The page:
Temporary Alternative: At least for mastering, there are automated services that can help with mastering your songs like Landr (Affiliate Link Disclosure). An artist I work with has used them another time for smaller projects.


The job of a publicist is probably the one that is most misunderstood. You often think of needing to hire one for promoting a new release and getting exposure to new potential fans. In reality, a publicist helps to build your brand and manage your public image in a positive light. One of their main jobs is to create and pitch engaging stories about you and your music through press releases to influence public perception. They do this with their connections to different media outlets (blogs, magazines, news publications, print, radio).

Another way to look at it is a publicist pitches and advocates various media outlets to create content focused on you for their audience. This content gives you more exposure in the form of a blog story, articles, interviews, video or even television appearances.

So yes, if you do have a new album release and/or a tour, a publicist’s job is to help get the word out.

I’d say this job/role is something you’ll need hire for once you’ve become more established as a professional artist and have a sizeable following. A publicist’s value is in the professional relationships they’ve built and their reputation in what they are pitching. Unless you’ve got something newsworthy going on, they can’t do much for you. Not to mention, hiring a publicist for your team is not cheap. A vetted publicist can easily run you a few thousands dollars a month.

Temporary Alternative: Although the mainstream music publications (Rolling Stones, Pitchfork, The Fader, Complex) are usually only accessible through a reputable publicist, there are thousands of independent music blogs out there you can reach. Although they don’t have the same power they once did, you can pitch your music directly to them. You can also use a service like SubmitHub or Groover, which is an affordable way to pitch to music bloggers, playlisters and influencers.


The right manager can propel your career immensely by helping you handle the business side of music you probably don’t want to deal with. This includes seeking the best business opportunities, keeping you on track with your goals, creating a manageable itinerary, serving as the liaison for you and the team, negotiating contracts and even handling some of the marketing. They can provide support and advice, whether it’s personal or professional.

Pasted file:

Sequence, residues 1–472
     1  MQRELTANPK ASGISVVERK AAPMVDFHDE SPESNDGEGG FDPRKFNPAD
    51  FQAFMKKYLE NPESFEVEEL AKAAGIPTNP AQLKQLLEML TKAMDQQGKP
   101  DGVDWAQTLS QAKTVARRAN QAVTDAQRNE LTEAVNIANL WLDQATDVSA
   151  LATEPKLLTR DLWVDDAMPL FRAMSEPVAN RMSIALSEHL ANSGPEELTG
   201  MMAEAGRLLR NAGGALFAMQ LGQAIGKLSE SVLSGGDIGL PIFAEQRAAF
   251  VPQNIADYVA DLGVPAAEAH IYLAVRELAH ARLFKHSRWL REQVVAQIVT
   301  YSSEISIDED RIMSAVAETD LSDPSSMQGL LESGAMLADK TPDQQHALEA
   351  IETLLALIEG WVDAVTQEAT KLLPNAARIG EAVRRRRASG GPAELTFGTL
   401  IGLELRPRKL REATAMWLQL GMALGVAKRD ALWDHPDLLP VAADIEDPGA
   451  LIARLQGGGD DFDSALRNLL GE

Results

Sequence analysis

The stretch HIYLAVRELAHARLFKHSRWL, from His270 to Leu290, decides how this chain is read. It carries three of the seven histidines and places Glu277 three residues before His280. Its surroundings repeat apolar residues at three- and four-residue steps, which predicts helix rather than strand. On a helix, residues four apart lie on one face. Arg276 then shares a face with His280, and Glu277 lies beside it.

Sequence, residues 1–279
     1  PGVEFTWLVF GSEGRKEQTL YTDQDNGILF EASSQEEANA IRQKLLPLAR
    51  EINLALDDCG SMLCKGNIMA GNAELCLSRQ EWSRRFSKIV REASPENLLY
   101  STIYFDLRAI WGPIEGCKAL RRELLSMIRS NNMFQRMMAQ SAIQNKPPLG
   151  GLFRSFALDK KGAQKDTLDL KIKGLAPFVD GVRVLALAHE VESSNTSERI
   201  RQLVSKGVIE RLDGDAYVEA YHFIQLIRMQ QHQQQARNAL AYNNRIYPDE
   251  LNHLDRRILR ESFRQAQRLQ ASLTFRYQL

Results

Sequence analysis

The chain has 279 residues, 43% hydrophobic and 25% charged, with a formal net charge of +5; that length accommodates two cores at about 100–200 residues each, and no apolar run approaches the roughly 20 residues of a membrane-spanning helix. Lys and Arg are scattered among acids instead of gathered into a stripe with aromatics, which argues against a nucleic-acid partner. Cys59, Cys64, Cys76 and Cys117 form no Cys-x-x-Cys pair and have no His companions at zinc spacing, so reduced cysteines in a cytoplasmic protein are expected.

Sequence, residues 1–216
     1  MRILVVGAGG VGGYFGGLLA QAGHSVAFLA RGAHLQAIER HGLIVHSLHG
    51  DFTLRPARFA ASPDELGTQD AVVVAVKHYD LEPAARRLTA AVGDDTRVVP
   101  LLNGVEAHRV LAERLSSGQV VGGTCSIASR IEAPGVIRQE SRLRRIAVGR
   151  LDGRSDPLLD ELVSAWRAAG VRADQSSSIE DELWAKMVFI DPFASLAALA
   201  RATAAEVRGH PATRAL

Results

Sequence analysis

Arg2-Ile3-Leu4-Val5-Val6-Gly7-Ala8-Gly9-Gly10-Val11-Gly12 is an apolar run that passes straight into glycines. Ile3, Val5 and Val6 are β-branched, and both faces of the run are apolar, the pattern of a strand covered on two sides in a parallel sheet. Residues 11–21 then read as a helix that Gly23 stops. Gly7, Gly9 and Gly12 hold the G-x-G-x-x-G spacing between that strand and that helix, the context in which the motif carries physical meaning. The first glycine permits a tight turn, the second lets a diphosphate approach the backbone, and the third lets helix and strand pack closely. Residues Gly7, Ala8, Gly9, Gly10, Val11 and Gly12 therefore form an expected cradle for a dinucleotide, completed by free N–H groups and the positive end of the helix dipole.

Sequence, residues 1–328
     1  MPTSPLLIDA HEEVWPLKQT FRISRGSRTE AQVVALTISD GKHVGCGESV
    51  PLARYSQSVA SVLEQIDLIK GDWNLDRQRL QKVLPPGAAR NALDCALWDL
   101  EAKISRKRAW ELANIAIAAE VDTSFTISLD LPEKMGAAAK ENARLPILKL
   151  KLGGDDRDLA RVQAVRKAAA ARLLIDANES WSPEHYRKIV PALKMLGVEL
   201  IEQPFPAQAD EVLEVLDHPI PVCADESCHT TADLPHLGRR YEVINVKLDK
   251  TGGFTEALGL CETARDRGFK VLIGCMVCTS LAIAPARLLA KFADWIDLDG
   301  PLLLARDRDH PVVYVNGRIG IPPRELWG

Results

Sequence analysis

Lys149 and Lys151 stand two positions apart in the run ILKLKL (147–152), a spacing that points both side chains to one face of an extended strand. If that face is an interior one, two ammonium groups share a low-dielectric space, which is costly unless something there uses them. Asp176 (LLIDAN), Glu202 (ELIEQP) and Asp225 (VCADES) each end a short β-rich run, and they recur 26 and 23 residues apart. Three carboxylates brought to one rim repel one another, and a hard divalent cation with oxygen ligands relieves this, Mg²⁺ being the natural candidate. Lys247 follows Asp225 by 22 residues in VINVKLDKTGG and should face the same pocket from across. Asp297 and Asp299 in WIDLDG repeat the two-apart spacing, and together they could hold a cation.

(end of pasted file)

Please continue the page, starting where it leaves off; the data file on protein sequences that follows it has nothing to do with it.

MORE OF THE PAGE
Managers can be from different backgrounds. Some musicians enjoy the business side of things and turn to artist management. They have the advantage of understanding the artist’s side better and being able to find compromises when needed. On the other hand, you have some managers who focus on entrepreneurship without having any musical background. They can help you see things in a different way and make your business run more professionally.

Like booking agents, music managers work off commission and take a percentage cut of what you earn. The standard rate is usually around 15% to 20%. Unless you’re an established act who can generate income from your music, it will be difficult to find an experienced manager to work with you.

Although having a manager can be a great asset, it’s debatable if you truly need a manager as an independent artist to succeed. Many have this misconception that they need a manager to propel them into stardom. The fact is, an experienced manager who has the connections and experience you want is most likely to approach you only after you break into the industry and establish yourself.

As someone who serves as a pseudo-manager at times, I feel the most important thing for an artist is just having someone who can help with the business side of things, whether they have the title of manager or not.

Music Attorney

When it comes to the legal side of music, you’ll definitely need to have access to an attorney. This is especially true when it comes to signing contracts, music licensing and handling copyright issues. There have been so many horror stories where artists screw themselves over by record labels by not having a lawyer look over the contract. Chances are you’re less likely to need an attorney early on in your career, but it would be good to know someone you reach out for legal advice or guidance. Keep in mind, lawyers are expensive.

There are some basic things you can learn regarding the legal aspect of music, such as copywriting your songs, designing contracts for co-writers or musicians for hire. There are many sources out there that explain the basics and I’d recommend you spend some time getting familiar with this area.

Temporary Alternative: Find a local VLA (Volunteer Lawyers for the Arts). These are nonprofit organizations that work with volunteer attorneys to provide free or low-cost legal services for artists.

Other Musicians

Your team could also include other musicians like in a band. Whether you’re looking for bandmates or you just need studio/session musicians for a song, here are some sites to check out:


How to recruit people for your team